Monkeypox cases worldwide: map shows how virus spread across UK, Europe and around the world

More than 23,000 cases of monkeypox have now been recorded in almost 90 countries. These maps will show you how the virus has spread and which countries have the highest case rates.

Monkeypox cases have risen rapidly since mid-May with the most recent figures showing more than 23,000 cases have been recorded in almost 90 countries.

Last week, the World Health Organisation (WHO) declared it a Public Health Emergency of International Concern – the highest level of alert.

The latest figures from the UK Health Security Agency (UKHSA), which covers the period from 6 May to 28 July, shows thousands of cases have been identified in the UK. England has recorded 2,436 cases, 61 cases have been identified in Scotland, 30 in Wales and 19 in Northern Ireland.

Other countries in Europe and in North America are also seeing a surge in infections.

Separate figures from Global.Health – a platform that gathers data on infectious diseases from around the world – shows more than 23,000 cases have been recorded globally so far in 2022 as of 2 August, with 17 countries reporting at least 100 cases and six reporting more than 1,000. The figures are based on information collated from publicly available official sources.

Here we reveal how monkeypox infection rates compare in the UK and Europe with other nations around the world – and how the virus has spread since April.

How quickly has monkeypox spread around the world?

As of the morning of 2 August, 23,273 cases had been confirmed around the world in 2022, according to Global.Health’s data. That was up from 6,474 on 1 July.

The total includes countries where monkeypox was already endemic before the spread took off globally in May, including Nigeria and Cameroon, although these nations had only recorded 26 cases between them between January and the end of April.

Data is not available for every country.


The first case of monkeypox in Europe was identified in the UK (England) on 6 May but soon after Portugal, Spain, France, Germany and Italy were all recording positive cases.

The map below will show you how the current outbreak has spread around Europe and the world.


Which European countries have the highest rates of monkeypox?

Analysis by NationalWorld found the British overseas territory of Gibraltar currently has the highest monkeypox rates in Europe with a rate of 14.8 per 100,000 people. However, in total the nation has recorded just five cases. Population figures are based on 2021 figures sourced from the World Bank.

Spain has the second highest infection rate in Europe – and the highest out of any country, when Gibraltar is excluded –  with a rate of 9.1 per 100,000 people. This is followed by Portugal with 6.1 and Netherlands with 5.3. The UK has the sixth-highest infection rate in Europe – and the world, of countries where data is available –  with 3.7 cases per 100,000 people.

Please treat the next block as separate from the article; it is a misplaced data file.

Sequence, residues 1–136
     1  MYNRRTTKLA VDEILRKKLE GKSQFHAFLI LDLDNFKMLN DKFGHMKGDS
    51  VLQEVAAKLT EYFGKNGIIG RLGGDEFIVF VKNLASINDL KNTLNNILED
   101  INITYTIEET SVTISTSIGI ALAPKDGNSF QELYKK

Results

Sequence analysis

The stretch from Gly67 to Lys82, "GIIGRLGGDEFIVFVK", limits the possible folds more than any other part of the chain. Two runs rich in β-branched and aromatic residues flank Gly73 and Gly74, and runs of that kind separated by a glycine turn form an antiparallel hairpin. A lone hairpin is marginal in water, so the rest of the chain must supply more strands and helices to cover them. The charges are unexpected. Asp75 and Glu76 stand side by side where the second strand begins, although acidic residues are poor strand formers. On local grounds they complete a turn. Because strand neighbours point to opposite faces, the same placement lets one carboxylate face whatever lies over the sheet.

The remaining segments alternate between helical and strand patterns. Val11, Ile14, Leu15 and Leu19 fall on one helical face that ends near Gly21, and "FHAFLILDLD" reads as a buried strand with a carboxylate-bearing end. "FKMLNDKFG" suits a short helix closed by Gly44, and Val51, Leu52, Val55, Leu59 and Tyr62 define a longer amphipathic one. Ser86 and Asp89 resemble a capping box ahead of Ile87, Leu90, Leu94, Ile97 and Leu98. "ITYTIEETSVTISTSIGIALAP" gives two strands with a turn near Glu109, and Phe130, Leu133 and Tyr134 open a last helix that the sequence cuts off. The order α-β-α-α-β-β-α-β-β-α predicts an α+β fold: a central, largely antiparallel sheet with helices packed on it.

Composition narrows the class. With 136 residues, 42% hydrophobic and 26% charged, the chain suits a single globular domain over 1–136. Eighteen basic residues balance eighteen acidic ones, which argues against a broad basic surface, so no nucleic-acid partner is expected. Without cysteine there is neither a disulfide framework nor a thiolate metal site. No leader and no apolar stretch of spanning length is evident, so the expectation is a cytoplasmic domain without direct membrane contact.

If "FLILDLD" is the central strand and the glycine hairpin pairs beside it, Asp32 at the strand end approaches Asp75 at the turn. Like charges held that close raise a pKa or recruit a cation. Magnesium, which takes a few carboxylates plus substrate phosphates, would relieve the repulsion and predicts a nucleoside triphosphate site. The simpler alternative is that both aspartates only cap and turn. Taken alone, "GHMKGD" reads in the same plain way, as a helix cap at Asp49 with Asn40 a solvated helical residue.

The United States has recorded the greatest overall number of positive cases with 5,176, followed by Spain with 4,300, then Germany with 2,677 and then the UK with 2,469.

The interactive map below will show you how case numbers vary across the continent. The darker the country the greater the number of infections.


In comparison, this map will show you how infection rates compare around the world.


Are people being vaccinated against monkeypox?

Last week (27 July) at a WHO press conference, Dr Tedros Adhanom Ghebreyesus said anyone can contract monkeypox, despite 98% of cases so far having been linked to men who have sex with men. He also called for vaccinations for people in high-risk groups.

The UK and other countries are vaccinating some high risk groups with a smallpox (MVA) vaccine to provide protection.

Although anyone can catch monkeypox from close contact, men who have sex with men, health care and laboratory workers and people with multiple sexual partners are at the greatest risk of exposure.

“We still lack data on the effectiveness of vaccines for monkeypox or how many doses might be needed,” Dr Tedros said.

“That’s why we urge all countries that are using vaccines to collect and share critical data on their effectiveness.”

WHO is recommending targeted vaccination for those exposed to someone with monkeypox and for those at high risk of exposure, including healthcare workers.

It does not currently recommend mass vaccination against monkeypox.